Tuesday, October 11, 2011

Quick Fix

Imagine a cut finger, a burn, scratch or skinned knee without the quick fix of a Band-Aid. Imagine the care of these minor injuries not with modern day sterile procedures, but with instead sawdust bandages and an assortment of other unsterile tools and remedies used in American hospitals during the nineteenth-century. Keen on the ideas of British surgeon Sir Joseph Lister, Brooklyn pharmacist Robert Johnson convinced his two brothers James and Edward to join him in an attempt to develop a dry, prepackaged and antiseptic dressing, one that followed Lister’s theories on cleanliness and sanitation. Sometime in the 1880s the brothers formed their company, Johnson & Johnson.

They first produced a large dry cotton and gauze dressing that came sealed in a germ-resistant package. In this form they could be shipped to hospitals and military battlefields with sterility guaranteed. The Johnson brothers did well in health care, and in 1893 introduced Johnson’s Baby Powder. In 1920, an employee at Johnson & Johnson named Earle Dickson came up with a prototype Band-Aid in researching the idea of a bandage to help his accident-prone bride who frequently cut a finger or burned herself in the kitchen. Dickson’s goal was to devise a bandage that could be easily applied, would stay in place and retain its sterility. His first attempt was to place a small wad of the company’s sterile cotton and gauze in the center of an adhesive strip. Next, he devised a way to produce them in quantity, using a crinoline fabric to temporarily cover the bandage’s sticky areas. With a cut finger of his own, James Johnson watched Dickson strip off the two crinoline pieces and affix the bandage to his finger. He knew immediately that the company had a new product.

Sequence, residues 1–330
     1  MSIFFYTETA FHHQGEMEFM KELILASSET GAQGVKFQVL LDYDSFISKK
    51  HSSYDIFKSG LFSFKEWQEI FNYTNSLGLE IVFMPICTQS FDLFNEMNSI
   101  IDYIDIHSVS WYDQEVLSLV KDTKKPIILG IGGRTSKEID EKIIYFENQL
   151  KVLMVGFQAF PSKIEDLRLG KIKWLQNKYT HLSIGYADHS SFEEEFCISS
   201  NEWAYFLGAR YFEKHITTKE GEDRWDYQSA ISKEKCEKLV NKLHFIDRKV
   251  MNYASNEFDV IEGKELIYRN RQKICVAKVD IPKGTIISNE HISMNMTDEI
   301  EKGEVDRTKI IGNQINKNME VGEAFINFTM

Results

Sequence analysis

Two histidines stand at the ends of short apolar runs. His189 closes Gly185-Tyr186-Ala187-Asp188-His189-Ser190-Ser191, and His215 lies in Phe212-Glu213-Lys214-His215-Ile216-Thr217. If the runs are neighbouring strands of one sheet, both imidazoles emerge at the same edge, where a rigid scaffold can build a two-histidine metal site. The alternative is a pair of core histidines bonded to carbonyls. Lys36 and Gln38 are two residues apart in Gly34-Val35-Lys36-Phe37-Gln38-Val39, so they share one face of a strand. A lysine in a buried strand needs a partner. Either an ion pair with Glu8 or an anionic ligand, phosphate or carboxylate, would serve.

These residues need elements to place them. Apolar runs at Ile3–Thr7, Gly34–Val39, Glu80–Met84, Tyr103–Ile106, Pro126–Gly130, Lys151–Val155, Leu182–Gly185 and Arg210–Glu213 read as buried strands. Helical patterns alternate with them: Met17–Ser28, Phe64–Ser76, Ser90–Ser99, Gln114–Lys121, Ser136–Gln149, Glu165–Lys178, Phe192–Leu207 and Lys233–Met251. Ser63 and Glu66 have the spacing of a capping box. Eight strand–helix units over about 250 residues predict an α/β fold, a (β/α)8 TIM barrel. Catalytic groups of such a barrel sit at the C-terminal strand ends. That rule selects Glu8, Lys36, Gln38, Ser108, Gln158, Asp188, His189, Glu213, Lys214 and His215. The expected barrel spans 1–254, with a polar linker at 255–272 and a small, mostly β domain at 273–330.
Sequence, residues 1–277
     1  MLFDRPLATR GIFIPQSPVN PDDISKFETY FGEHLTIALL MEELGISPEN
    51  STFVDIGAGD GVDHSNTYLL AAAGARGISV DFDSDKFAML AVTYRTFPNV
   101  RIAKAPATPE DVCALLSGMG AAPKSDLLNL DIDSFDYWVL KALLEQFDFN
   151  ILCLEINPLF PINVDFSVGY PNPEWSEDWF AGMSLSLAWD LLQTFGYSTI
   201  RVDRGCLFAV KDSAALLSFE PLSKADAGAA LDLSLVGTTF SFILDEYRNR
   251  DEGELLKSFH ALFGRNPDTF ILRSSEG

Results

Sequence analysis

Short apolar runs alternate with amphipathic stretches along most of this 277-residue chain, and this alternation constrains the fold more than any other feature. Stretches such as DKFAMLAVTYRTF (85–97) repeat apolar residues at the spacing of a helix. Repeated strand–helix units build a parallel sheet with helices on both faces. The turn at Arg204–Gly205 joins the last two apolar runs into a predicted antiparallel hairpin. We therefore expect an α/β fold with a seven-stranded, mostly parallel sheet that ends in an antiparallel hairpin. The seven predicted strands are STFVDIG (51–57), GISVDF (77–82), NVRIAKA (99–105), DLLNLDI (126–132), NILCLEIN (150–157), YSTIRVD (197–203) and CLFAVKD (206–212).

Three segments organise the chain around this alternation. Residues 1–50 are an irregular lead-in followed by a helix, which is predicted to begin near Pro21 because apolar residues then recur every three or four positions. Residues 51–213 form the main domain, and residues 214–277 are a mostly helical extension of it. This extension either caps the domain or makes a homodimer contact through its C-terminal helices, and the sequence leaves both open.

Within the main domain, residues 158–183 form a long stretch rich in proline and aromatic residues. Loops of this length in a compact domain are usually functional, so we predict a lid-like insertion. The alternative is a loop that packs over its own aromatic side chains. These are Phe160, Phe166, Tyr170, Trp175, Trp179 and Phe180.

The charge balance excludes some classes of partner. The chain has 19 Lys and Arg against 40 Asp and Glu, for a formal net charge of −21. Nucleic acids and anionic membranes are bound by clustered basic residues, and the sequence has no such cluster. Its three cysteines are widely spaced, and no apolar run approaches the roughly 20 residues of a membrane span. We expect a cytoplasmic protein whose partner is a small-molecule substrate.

Dickson had a long career at Johnson & Johnson, in time becoming a Vice President before retiring in 1957.

The first Band-Aid bandages were handmade and not too popular, but in 1924, the company began marketing machine produced sterilized Band-Aids. In World War II, millions were shipped overseas while a large number were shipped to hospitals. The original cost of Band-Aids was two cents for a package of fifteen. In 1951, the first decorative Band-Aids were introduced with decorative themes like smiley faces, Barbie, Batman, Superman and Spider Man. They continue to be a commercial success today, but the designs now include Louis Vuitton, bacon, plaid, Hello Kitty and neon, though these later examples are put out by companies other than Johnson & Johnson.


  1. Interesting research on the band-aid.

  2. I would venture to say that most households have a box of band-aids stored somewhere--ready for the cut, burn, or the unsightly unknown contagion. Another example of something really so simple and having such universal use they fade from thought until needed.


About Me

My photo
Oak Hill, Florida, United States
A longtime expat relearning the footwork of life in America